WinJS.Utilities.ready(function(){ 
                     scheduler.init('scheduler_here', new Date(), "week"); 
          }, true);
 
      } else { }
      args.setPromise(WinJS.UI.processAll());
   }
};

The WinJS.Utilities.ready() function ensures that the specified function is executed only after the page has completely loaded. 

If you want to configure the scheduler, you can use the same technique as used for the web version (related documentation). For example, to make weeks in the scheduler start from Monday instead of Sunday, we need to add the following code: 

//default.js 
scheduler.config.start_on_monday = true;  
... 
scheduler.init('scheduler_here'); 

Step 6 - Loading Data in the Calendar

If you run the app now, you will see an empty calendar on the page. It doesn't contain any data yet. There are various ways to store data for the scheduler but there is the only way to load data into it -  the   parse method  (related documentation): 

//default.js 
scheduler.parse(data, datatype); 

Let's populate our calendar with some data. For example, we will display a set of developer conferences that take place around the world in July 2013. The data will be provided in JSON format. 

//default.js
var conferences = [
    { text: "EnyoJS workshop at dotJS",     
      start_date: "06.01.2013 14:00", end_date: "06.01.2013 18:00" },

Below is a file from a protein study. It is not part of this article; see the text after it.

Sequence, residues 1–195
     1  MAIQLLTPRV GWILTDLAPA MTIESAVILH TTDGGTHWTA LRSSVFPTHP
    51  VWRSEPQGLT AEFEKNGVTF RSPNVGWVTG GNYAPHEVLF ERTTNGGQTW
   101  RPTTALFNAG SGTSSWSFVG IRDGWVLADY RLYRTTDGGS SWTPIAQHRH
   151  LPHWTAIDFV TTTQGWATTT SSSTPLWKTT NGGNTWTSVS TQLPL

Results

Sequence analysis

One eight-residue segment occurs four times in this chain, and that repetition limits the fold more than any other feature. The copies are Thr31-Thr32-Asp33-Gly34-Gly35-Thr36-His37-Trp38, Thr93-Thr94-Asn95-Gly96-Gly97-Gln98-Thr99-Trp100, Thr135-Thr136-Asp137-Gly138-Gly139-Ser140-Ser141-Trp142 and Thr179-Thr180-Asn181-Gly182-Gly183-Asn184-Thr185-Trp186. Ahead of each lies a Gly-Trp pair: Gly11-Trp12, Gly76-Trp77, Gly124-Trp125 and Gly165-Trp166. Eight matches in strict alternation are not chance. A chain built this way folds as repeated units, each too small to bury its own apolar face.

{ text: "CSS Dev Conf",                 
      start_date: "06.05.2013 09:00", end_date: "06.05.2013 17:00" },
    { text: "RuPy 12 Conf : Brazil",        
      start_date: "06.07.2013 08:30", end_date: "06.09.2013 18:00" },
    { text: "Cardiffrb",                    
      start_date: "06.13.2013 19:30", end_date: "06.13.2013 22:30" },
    { text: "Django User Group Berlin #32", 
      start_date: "06.18.2013 19:00", end_date: "06.18.2013 21:00" }
];

Then, in the final default.js file it will be like this (we've moved the scheduler-related code to a separate function to keep the app initialization code clean and set the initial date of the scheduler to make it display our conferences initially) :

//default.js
(function () {
    "use strict";
 
    WinJS.Binding.optimizeBindingReferences = true;
 
    var app = WinJS.Application;
    var activation = Windows.ApplicationModel.Activation;
 
    app.onactivated = function (args) {
        if (args.detail.kind === activation.ActivationKind.launch) {
            if (args.detail.previousExecutionState !== 
                     activation.ApplicationExecutionState.terminated) {
 
                WinJS.Utilities.ready(initScheduler);
 
            } else {
                // TODO: This application has been reactivated from suspension.
                // Restore application state here.
            }
            args.setPromise(WinJS.UI.processAll());
        }
    };
 
    app.start();
})();
 
function initScheduler(){
    scheduler.init('scheduler_here', new Date(2012, 11,1));